Everybody also seems to agree that only one of the fiberglass prototypes remains extant, one fitted with a 343-cu.in. V-8, four-speed transmission, and a version of the Vignale AMX’s Rambleseat. Slated for destruction, it survived thanks in part to Domenick Jiardine, who had worked at the Kenosha AMC plant since the 1950s and whose brother, Joe, worked at the proving grounds. Jiardine, a line worker and old car collector, asked AMC president Bill Luneburg if he could have the doomed prototype. Luneburg told him a week later he could have it for $50.
The prototype has remained in Jiardine’s family since then, passing on to Jiardine’s nephew-in-law, Lee Hagerty, and Lee’s son Austin after Jiardine’s death in 2012. The next year we featured the prototype in the pages of Hemmings Classic Car, and now the Hagerty family has consigned the prototype to Mecum’s Chicago auction. Mecum has yet to release a pre-auction estimate for the car.
Mecum’s Chicago auction will take place October 8-10 in the Schaumburg Convention Center. For more information, visit Mecum.com.
Article courtesy of Hemmings Daily, written by Daniel Strohl.
When it comes to Fords with folding solid roofs, everybody thinks of the full-size Skyliner hardtops of the late 1950s, which are hugely collectible today. Fewer people realize that Ben Smith, one of the Skyliner’s original designers, developed a prototype of a retractable Mustang in 1966, but the idea didn’t fly and the car was almost certainly scrapped. He’d revisit the idea in the 1990s, producing a handful of prototypes from first-generation Mustangs, along with between 35 and 50 conversion kits, roughly 10 of which were built by his son David into complete cars. On October 17, one of these rare retractable-roof Mustangs heads to auction in Aurora, Nebraska.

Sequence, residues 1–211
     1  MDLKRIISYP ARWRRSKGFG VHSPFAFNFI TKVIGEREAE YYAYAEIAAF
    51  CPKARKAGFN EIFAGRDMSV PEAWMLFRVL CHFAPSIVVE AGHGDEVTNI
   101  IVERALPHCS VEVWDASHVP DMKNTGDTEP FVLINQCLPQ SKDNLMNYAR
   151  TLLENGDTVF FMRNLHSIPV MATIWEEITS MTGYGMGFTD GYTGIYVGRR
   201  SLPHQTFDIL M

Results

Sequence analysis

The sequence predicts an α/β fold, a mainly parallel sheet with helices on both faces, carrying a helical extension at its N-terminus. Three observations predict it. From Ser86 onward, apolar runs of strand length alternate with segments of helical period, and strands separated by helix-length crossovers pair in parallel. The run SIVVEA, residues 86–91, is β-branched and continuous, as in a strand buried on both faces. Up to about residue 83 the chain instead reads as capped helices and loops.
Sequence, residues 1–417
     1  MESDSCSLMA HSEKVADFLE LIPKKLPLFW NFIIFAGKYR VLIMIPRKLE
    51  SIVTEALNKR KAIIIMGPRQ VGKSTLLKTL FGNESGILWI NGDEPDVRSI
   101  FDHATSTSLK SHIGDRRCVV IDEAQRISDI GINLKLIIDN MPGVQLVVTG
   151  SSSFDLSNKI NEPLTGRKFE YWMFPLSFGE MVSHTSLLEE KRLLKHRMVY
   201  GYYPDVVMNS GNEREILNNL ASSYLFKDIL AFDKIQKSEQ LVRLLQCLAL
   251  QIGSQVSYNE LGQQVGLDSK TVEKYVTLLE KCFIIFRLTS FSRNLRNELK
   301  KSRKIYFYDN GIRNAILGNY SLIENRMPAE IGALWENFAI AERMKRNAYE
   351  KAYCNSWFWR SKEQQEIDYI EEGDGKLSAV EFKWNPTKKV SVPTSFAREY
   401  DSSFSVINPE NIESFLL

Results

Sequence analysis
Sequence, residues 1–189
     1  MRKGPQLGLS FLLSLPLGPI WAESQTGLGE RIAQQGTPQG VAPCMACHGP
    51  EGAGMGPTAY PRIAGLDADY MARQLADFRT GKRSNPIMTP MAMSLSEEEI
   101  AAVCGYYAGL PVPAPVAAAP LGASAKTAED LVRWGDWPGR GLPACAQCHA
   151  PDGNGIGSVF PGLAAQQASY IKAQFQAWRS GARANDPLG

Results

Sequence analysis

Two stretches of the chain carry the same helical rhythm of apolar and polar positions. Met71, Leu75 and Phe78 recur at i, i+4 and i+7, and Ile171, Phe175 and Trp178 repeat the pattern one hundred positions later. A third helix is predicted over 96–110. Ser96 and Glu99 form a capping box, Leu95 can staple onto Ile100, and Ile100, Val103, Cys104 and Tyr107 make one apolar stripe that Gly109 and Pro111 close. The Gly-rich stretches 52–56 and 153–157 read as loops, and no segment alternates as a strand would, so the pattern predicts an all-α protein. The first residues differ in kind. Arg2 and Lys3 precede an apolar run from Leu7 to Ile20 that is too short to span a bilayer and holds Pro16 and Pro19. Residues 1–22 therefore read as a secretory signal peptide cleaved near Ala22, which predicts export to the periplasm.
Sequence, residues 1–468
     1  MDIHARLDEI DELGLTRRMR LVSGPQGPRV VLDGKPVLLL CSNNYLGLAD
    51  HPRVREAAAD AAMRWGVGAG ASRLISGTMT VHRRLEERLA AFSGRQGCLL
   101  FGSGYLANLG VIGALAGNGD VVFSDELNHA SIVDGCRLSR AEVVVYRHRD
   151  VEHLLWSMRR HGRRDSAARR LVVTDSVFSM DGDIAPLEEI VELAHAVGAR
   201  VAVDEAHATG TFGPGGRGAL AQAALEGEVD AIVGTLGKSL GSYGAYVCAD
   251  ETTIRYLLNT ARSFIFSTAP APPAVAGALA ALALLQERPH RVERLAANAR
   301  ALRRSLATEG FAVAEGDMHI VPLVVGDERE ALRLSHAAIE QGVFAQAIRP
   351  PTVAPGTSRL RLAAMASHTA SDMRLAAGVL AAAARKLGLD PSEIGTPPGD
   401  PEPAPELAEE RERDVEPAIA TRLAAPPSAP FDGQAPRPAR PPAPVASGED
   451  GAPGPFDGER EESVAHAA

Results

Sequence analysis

Smith was involved in an early prototype of a retractable, a Lincoln Continental Mark II, that was fully functional but never saw the light of day. Its complex operating system, however, was incorporated nearly intact into the first production Skyliner of 1957.
Smith was rewarded by being promoted to chief engineer for Ford of Argentina, before William Clay Ford tapped him to be director of advanced packaging in Dearborn. By this time, Mustang fever was in full flight, and Ford was already looking for derivatives of its original three-box body style. The first was the 2+2 fastback, which Lee Iacocca approved on the spot. A variety of removable hardtop designs were considered, and Smith ultimately pitched the idea for a retractable Mustang—with some key differences.
From the outset, Smith intended his prototype to use a manual folding roof. He took a well-optioned 1965 Mustang and added torque boxes and rocker-panel reinforcement before slicing off the roof. The Mustang’s rear overhang was lengthened by 2.5 inches, so the top could stow in the trunk. But rather than retracting in one piece like the Skyliner’s roof did, Smith created a clamshell design that would fold in half, and could be retracted and stowed manually, using torsion bars to counterbalance the assembly. There were no wires, switches, solenoids or motors involved—at least, not until Ford brass reviewed the prototype and decided they wanted a powered version.
They got it, too, but the break-even estimates ultimately sacked the Mustang retractable. The power-roof version that Smith developed ultimately vanished while he was on overseas assignment for Ford.
Undeterred, Smith took an early retirement from Ford in 1968. In 1993 he bought a used 1966 Mustang and set about re-creating the prototype from the 1960s, again using a manual clamshell roof, which was shown at the national Mustang convocation in Charlotte in 1995.
Three prototypes were built, including a red 1966 with a black interior and a white roof; a powder blue 1965 with a blue interior; and a gunmetal gray car built for Ben A. Smith, another son. The project eventually evolved into conversion kits, incorporating Smith’s structural reinforcements, up to 50 of which were sold.